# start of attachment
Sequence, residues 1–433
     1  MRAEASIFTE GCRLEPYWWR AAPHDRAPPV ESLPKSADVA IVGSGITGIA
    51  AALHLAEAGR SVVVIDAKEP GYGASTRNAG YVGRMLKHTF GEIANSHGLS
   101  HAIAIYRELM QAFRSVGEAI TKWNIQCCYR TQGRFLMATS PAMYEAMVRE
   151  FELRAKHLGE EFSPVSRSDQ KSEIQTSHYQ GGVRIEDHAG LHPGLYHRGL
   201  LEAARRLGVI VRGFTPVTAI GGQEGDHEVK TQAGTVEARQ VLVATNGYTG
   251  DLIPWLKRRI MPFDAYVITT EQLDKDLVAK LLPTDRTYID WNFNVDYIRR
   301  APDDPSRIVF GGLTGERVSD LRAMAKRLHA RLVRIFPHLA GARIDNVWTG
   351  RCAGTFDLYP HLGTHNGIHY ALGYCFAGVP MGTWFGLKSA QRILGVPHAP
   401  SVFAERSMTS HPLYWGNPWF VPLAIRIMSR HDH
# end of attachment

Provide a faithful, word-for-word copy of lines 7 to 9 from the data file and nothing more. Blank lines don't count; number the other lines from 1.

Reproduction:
   251  DLIPWLKRRI MPFDAYVITT EQLDKDLVAK LLPTDRTYID WNFNVDYIRR
   301  APDDPSRIVF GGLTGERVSD LRAMAKRLHA RLVRIFPHLA GARIDNVWTG
   351  RCAGTFDLYP HLGTHNGIHY ALGYCFAGVP MGTWFGLKSA QRILGVPHAP